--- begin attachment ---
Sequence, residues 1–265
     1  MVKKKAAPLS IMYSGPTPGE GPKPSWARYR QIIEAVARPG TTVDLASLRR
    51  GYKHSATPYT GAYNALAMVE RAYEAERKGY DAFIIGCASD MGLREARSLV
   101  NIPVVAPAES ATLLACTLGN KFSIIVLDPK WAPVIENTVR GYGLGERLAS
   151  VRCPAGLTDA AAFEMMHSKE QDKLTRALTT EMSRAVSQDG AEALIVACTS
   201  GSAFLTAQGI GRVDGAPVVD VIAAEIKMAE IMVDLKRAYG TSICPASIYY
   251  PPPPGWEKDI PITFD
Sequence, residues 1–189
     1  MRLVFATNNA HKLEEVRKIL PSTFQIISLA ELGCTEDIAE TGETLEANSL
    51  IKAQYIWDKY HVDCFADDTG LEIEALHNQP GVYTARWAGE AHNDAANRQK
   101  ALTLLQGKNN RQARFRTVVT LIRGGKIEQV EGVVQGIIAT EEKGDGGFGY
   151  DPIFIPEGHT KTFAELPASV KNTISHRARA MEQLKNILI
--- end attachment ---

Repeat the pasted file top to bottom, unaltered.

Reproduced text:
Sequence, residues 1–265
     1  MVKKKAAPLS IMYSGPTPGE GPKPSWARYR QIIEAVARPG TTVDLASLRR
    51  GYKHSATPYT GAYNALAMVE RAYEAERKGY DAFIIGCASD MGLREARSLV
   101  NIPVVAPAES ATLLACTLGN KFSIIVLDPK WAPVIENTVR GYGLGERLAS
   151  VRCPAGLTDA AAFEMMHSKE QDKLTRALTT EMSRAVSQDG AEALIVACTS
   201  GSAFLTAQGI GRVDGAPVVD VIAAEIKMAE IMVDLKRAYG TSICPASIYY
   251  PPPPGWEKDI PITFD
Sequence, residues 1–189
     1  MRLVFATNNA HKLEEVRKIL PSTFQIISLA ELGCTEDIAE TGETLEANSL
    51  IKAQYIWDKY HVDCFADDTG LEIEALHNQP GVYTARWAGE AHNDAANRQK
   101  ALTLLQGKNN RQARFRTVVT LIRGGKIEQV EGVVQGIIAT EEKGDGGFGY
   151  DPIFIPEGHT KTFAELPASV KNTISHRARA MEQLKNILI